Summary: After the assassination of their beloved queen by an evil coven of witches nine years ago, the kingdom of Iriden demanded blood — and they got it when their king established the Witch Hunters, a special army dedicated to the eradication of magic users. But what they don't know is that they left a few children alive, and now they've grown up and want revenge. Reyna Farron, a young witch, lost her aunt to the Witch Hunters when they stormed through her village all those years ago, and now she's a part of a small but mighty rebel group determined to do what they can to destroy Iriden's monarchy from within. Her first mission is to infiltrate the palace as a noble, acting as a spy. In a city where her powers are such a deadly secret, she is careful to keep her distance, to keep her head down and stay out of trouble. But what she doesn't expect is for the crown prince, of all people, to discover what she really is — and she especially doesn't expect him to vow to keep her secret in exchange for her help. Now pulled into a tentative truce with the son of the man who ordered her aunt's murder, she must work alongside Prince Loren to decode the meaning of the strange visions he's been having, and possibly save the world of Erithea as they know it.


The forest was quiet and still that morning, yet Reyna Farron still found it all too difficult to clear her mind.

She'd had another nightmare last night, just as vivid as they always were. For as many years as they'd plagued her, she supposed she ought to be accustomed to them by now, but somehow they managed to worm their way into her brain, lingering like slumbering beasts in the back of her skull throughout the day, curled up and waiting to strike when she least expected it. Though her memories of them grew blurrier and more indistinct as the day went on, the images that did run unbidden to her mind (usually at the most inopportune times) still served to unsettle her just enough to make staying calm and getting through the day take a concerted effort. She hated that something in her life could have that level of power over her, could dictate whether or not at any moment she could feel that horrible tightness in her chest and need to duck out of the room for some fresh air, or suddenly have her throat twist shut, seized with the humiliating sensation of having to cry. Most of all, she hated how weak it made her feel.

Last night, she'd dreamed of her mother, standing on a rocky, colorless beach, the coastline stretching out for what had felt like an eternity on either side. She'd stood with her back turned, her face directed out at that endlessly churning stretch of brackish, cold grey sea, but even just looking at the back of her head, Reyna knew it was her mother. It was an instinctual feeling, something she just knew in the same way she knew that the sky was blue, or the grass green. Reyna's own body had felt frozen in place, forced to watch mutely as the older woman stepped slowly forward, her toes touching the water, then the hem of her thin white gown. The mounting terror always hit when that happened, when the realization would begin to sink in that her mother did not intend to stop walking. Her steps were slow and purposeful, and Reyna could feel the muscles in her throat straining and working, could feel the words she was trying so desperately to scream hanging on her tongue, but they wouldn't fall from her throat. They felt too small, too easily drowned out by the howling wind. She could only stay suspended in place as the water rushed farther and farther up, past her mother's calves, her thighs; eventually, her white dress billowed out like a cloud behind her, carried by the rolling waves.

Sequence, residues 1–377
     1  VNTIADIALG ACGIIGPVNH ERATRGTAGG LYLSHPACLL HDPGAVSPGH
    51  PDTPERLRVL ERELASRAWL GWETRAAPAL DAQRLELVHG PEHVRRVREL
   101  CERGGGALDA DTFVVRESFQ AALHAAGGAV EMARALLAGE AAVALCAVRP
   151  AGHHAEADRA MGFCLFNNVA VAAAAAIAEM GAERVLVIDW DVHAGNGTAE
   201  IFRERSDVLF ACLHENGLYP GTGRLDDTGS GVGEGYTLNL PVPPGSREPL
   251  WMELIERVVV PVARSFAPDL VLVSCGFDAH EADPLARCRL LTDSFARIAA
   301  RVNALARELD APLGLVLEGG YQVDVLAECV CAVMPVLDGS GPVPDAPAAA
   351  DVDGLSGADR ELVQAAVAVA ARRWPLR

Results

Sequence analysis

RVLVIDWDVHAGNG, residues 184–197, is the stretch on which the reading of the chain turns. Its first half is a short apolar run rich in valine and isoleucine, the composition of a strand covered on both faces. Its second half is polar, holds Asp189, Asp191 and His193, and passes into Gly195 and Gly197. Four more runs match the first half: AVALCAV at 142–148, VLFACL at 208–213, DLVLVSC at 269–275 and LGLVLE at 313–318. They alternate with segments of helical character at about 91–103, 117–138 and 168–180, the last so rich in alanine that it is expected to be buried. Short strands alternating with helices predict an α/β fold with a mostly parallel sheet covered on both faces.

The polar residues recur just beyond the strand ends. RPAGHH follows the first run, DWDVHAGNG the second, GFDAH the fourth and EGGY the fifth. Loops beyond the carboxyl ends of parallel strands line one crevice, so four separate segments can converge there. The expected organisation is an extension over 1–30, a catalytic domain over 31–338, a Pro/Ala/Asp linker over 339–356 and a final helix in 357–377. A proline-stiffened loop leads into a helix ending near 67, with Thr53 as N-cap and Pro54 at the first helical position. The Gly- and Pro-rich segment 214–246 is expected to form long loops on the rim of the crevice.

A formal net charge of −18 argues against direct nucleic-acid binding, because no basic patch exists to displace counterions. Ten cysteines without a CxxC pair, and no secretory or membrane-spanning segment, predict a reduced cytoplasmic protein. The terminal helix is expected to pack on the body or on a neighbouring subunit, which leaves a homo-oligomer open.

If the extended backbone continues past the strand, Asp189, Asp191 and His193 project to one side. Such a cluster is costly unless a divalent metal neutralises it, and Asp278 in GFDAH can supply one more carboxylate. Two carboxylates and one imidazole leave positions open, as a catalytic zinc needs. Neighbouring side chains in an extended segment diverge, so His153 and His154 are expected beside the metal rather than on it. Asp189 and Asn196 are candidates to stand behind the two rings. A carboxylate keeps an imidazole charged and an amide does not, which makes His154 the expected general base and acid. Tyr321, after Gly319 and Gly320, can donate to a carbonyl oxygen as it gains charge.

And then, worst of all, when she was shoulder-deep in the water, when the currents were tossing her body so badly back and forth that she shouldn't have been able to stand so steadily, Reyna's mother turned her head just enough to look back at her daughter. Their eyes — both the same shade of startling green — would meet, and her mother's lips would part for one final sentence, one last goodbye.

"Forgive me, Reyna."

No matter how hard she tried, in these dreams Reyna never could make the muscles in her legs work harder, could never dislodge herself from whatever invisible force held her pinned back and charge into the water to save her. It was the same every time; she could only stand and scream, and watch in horror as her mother's face disappeared beneath the surface of the restless ocean, and never came back up.

As much as she would have liked to remind herself that it was only a dream, that it wasn't real, it would only be partly true if she did. She'd only been three years old when her mother had passed away, and it hadn't been until she was much older that she'd found out that it had in fact been a suicide. All her life, she'd lived in Cratheport, right along that shore — equal parts beautiful and dangerous — and had never even known that those waters had drowned her own mother. Each time she dreamed of Nikola Farron's death, it was merely her imagination brewing up what it might have been like to be there; perhaps it was her own guilt that she hadn't been there, hadn't even known about it, that gave her such awful nightmares to begin with.

But even if she had been aware of what was happening, even if she'd been older and gone down to the beach in person to plead with her mother, who was to say if she still could have stopped her anyway?

Much as she knew she ought not consider herself responsible, keeping her mind from lingering on it for too long was easier said than done.